f in music means forte, “strong.” Generally the loudest dynamic marking one will see is ff, fortissimo, “very strong.” Occasionally, when a composer wants something incredibly loud and dramatic, he or she will indicate fff, “very, very strong!” Nothing is held back; the instrument is stretched to the very limit of what it is intended to do. As a church this time of year, the Easter Sunday shouts of “Alleluia, Alleluia! ALLELUIA!” still resound in our ears. The subdued tones of Holy Week and the contemplation of Christ crucified burst forth into the loudest songs, the highest praise. And well it should. Christ’s resurrection is the Divine affirmation of all that Jesus has accomplished as our Redeemer, the very fulfillment of so many Old Testament types and promises.
At the same time, Easter Sunday strikes a chord that sustains, and if anything, continues to crescendo to fff or even ffff, if that’s even possible! The resurrection of Jesus from the dead is the first of four historic events which the writers of our Confession of Faith call “Christ’s exaltation.” For this reason, the church throughout its history has thought of Easter as a season and not simply a Sunday. The “Great 50 days” is a season during which we remember Jesus’ appearances to the disciples, the giving of the Great Commission, His ascension into heaven, and His sending the Holy Spirit at Pentecost. Simply put, Jesus’ resurrection from the dead not only fulfills numerous Old Testament types, but it inaugurates a whole new era. In the resurrection, Christ stands as our conquering hero; in the ascension, the session at God’s right hand, and the promise that He will one day return is His coronation and the commencement of His reign as the King of kings and Lord of lords.
The Ascension is probably the lost feast of the church. We often hear of it only as a postscript to the Great Commission or a prelude to the Day of Pentecost. It occurs 40 days after Easter. The number 40 in scripture often indicates the time period for a Divine work: the rains of the flood lasted 40 days; Isaac was 40 years old when he took Rebekah to be his wife; the people of Israel wandered in the wilderness and ate manna 40 years; Moses was on the mountain for 40 days receiving the law at Sinai; Jesus fasted 40 days while being tempted in the wilderness. The Westminster and Heidelberg Catechisms teach us that the ascended Christ prepares a place for us, gathers and defends His church, furnishes His ministers and people with gifts and graces, makes intercession for them, and sends His Spirit to us (Larger Catechism answers 53-54, Heidelberg Catechism answer 49). A document from the fifteenth century captures something of the mystery of the ascension when it says, “This Ascension Day is properly the most solemn feast of our Lord Jesus; for this day first in His manhood He began to sit on the Father’s right hand in bliss and took full rest of all His pilgrimage before. Also this is properly the feast of all the blessed spirits in heaven: for this day they had a new joy of their Lord whom they saw never before there in His manhood.” (The Mirror of the Blessed Life of Jesus Christ, c.1490)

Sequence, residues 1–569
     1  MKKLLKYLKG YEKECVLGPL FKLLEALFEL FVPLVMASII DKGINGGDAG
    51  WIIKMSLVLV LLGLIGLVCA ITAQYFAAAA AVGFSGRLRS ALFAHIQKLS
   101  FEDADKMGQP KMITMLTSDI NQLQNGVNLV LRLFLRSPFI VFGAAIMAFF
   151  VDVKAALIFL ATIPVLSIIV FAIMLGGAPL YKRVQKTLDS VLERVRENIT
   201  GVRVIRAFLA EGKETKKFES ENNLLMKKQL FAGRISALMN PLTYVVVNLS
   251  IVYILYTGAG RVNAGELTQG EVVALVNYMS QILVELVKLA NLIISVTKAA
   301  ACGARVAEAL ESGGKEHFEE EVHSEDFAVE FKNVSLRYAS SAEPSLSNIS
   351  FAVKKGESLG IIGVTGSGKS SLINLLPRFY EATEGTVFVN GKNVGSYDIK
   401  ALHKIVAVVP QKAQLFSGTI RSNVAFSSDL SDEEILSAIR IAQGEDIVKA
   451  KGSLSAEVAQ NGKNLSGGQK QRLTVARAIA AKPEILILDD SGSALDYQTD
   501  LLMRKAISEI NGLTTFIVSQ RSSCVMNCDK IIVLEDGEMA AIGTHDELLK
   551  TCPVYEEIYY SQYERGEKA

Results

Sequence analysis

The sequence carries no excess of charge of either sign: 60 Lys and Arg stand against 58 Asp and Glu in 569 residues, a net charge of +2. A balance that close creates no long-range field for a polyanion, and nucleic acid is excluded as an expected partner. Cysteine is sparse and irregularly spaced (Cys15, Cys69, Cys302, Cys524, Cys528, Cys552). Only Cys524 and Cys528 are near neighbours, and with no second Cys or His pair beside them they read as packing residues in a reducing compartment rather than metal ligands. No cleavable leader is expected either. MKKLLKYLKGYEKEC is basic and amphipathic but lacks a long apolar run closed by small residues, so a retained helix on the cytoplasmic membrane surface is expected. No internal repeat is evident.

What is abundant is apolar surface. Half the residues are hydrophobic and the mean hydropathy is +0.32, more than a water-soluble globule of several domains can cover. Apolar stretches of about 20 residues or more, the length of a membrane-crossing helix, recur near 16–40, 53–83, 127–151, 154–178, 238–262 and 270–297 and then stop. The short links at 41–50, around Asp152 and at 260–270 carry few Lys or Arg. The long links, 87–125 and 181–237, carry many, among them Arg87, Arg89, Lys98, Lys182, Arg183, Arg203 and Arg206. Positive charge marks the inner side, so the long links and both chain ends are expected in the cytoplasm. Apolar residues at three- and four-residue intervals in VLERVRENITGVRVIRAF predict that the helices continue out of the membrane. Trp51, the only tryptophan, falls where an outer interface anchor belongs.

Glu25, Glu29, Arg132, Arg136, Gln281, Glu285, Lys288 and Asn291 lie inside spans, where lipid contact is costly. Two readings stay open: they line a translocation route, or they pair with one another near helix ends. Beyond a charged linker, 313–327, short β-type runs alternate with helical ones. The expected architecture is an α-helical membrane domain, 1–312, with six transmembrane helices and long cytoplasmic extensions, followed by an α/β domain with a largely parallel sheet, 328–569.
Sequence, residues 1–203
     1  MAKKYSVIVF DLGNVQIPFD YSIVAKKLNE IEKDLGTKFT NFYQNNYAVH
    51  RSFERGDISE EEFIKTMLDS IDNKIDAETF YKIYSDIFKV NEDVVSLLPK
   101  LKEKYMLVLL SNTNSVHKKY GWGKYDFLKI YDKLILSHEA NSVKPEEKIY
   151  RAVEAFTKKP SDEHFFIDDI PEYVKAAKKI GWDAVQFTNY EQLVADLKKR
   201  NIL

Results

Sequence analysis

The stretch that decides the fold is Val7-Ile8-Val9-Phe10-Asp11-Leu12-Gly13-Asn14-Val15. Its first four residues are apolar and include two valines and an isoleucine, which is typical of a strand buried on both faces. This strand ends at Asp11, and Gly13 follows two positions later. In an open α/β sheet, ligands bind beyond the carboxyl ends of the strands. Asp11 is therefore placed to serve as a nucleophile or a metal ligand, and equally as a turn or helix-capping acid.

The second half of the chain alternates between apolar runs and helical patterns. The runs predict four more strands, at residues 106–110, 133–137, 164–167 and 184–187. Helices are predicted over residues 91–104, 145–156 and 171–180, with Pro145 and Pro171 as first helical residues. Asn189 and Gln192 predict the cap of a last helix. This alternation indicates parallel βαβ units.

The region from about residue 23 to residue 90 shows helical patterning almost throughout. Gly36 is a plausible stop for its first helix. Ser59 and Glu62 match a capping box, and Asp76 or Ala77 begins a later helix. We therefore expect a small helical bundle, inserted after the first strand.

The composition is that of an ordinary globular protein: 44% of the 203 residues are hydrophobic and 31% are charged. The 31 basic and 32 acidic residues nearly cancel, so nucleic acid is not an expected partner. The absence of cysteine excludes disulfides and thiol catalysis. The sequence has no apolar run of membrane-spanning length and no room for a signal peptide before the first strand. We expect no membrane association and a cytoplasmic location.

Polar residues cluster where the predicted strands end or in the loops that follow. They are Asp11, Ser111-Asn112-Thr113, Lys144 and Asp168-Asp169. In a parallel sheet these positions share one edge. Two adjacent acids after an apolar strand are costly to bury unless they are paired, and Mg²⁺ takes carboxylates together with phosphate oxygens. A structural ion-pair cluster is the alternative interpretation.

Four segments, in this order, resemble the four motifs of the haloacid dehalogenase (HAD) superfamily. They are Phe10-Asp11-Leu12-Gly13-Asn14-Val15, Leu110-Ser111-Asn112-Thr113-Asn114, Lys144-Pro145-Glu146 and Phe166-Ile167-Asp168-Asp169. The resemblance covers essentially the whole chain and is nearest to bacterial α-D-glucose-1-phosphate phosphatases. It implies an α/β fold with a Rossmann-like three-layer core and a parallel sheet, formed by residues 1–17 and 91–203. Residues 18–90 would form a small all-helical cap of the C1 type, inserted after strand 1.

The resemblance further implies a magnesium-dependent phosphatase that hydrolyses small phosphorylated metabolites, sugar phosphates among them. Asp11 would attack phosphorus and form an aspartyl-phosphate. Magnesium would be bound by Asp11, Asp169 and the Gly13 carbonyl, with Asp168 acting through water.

Pentecost was the Old Testament Feast of Weeks. It commenced 50 days (7 weeks) after Passover and celebrated by the giving of first fruits from the harvest. The vivid imagery of the Bible describes the death and resurrection of Christ and the subsequent resurrection of believers as the fulfillment of this Old Testament feast: “But in fact Christ has been raised from the dead, the firstfruits of those who have fallen asleep. For as by a man came death, by a man has come also the resurrection of the dead. For as in Adam all die, so also in Christ shall all be made alive. But each in his own order: Christ the firstfruits, then at His coming those who belong to Christ” (1 Corinthians 15:20-23). It is wonderful that on the day of Pentecost Luke records in the book of Acts that upon receiving the Spirit from the ascended Christ, Peter sowed the seed of the Word upon the people and “those who received his word were baptized, and there were added that day about three thousand souls” (Acts 2.41).
May God grant us grace these 50 days to see more and more of Christ, that our worship would be ever increasing in love and fervor!